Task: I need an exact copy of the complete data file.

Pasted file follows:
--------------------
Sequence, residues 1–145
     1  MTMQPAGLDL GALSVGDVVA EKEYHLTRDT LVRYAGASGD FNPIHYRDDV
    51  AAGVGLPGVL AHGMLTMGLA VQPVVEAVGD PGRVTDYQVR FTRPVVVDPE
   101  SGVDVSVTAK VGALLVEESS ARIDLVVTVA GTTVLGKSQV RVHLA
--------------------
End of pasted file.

Sequence, residues 1–145
     1  MTMQPAGLDL GALSVGDVVA EKEYHLTRDT LVRYAGASGD FNPIHYRDDV
    51  AAGVGLPGVL AHGMLTMGLA VQPVVEAVGD PGRVTDYQVR FTRPVVVDPE
   101  SGVDVSVTAK VGALLVEESS ARIDLVVTVA GTTVLGKSQV RVHLA